A new microscopic technique is enabling scientists to observe the antibiotic daptomycine live in action. This marks an exciting first, because even though doctors have been prescribing this antibiotic for over a decade, its precise mechanisms have remained unclear. Researchers at the University of Amsterdam (UvA), Bonn University and Ruhr University Bochum have now described this mechanism in the forthcoming issue of PNAS.
Antibiotic resistance is a serious threat to public health. Bacteria are constantly adapting to the antibiotics that we use, and finding new antibiotics is vital, emphasises Leendert Hamoen, professor of General Microbiology and one of the current study's leaders. 'Without antibiotics, we may as well give up doing open-heart surgeries and administering cancer treatments, because most people will simply die of infections, just like in the old days.'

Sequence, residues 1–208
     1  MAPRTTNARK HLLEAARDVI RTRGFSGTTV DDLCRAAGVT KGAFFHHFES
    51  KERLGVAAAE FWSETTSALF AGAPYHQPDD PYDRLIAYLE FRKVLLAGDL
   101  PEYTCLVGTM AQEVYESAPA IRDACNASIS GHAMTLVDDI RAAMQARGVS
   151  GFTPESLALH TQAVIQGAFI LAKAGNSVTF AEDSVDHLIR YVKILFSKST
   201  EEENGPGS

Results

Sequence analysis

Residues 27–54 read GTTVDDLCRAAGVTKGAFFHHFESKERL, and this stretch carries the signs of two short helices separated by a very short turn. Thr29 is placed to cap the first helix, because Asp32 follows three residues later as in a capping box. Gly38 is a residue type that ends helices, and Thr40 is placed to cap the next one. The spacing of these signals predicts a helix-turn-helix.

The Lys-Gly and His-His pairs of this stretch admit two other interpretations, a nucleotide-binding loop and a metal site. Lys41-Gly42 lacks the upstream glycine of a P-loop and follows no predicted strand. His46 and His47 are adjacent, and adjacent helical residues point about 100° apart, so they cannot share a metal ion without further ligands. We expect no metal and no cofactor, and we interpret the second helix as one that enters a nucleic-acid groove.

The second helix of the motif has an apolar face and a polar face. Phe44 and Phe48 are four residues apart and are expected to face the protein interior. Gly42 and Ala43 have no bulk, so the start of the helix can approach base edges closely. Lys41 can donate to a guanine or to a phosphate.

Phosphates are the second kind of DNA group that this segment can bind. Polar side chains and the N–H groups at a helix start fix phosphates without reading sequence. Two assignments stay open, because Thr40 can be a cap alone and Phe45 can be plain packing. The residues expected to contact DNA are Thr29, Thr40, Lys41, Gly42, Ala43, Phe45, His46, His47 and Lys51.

Hamoen and his German colleagues deployed cell biology to develop a way to study the activity of new antibiotics up close. Using this technique, they homed in on daptomycine, a so-called 'last-resort antibiotic' that is prescribed in cases where all other antibiotics fail.
First, the scientists tagged the antibiotic so it would light up under a microscope. Comparable florescent labels were then attached to selected functional proteins in bacteria which they though might be inactivated by the antibiotic. Watching through a microscope, the research team were subsequently able to observe in detail just how the antibiotic killed the bacteria.
The scientists saw daptomycine clump together at specific regions of the bacterial cell membrane, where they caused a protein needed for cell wall synthesis to disappear from those areas of the membrane. Hamoen explains, 'This means daptomycine drives a vital protein away from the spot where it is active so that the cell wall breaks down and the bacterium dies'. This is the first time that such a mechanism has been observed for antibiotics.
With this new imaging technique, the scientists want to investigate other antibacterial compounds. 'If you want to discover truly effective new antibiotics and chemically enhance them, you've got to know exactly how they work', concludes Hamoen. 'We have now a new tool to study this.'
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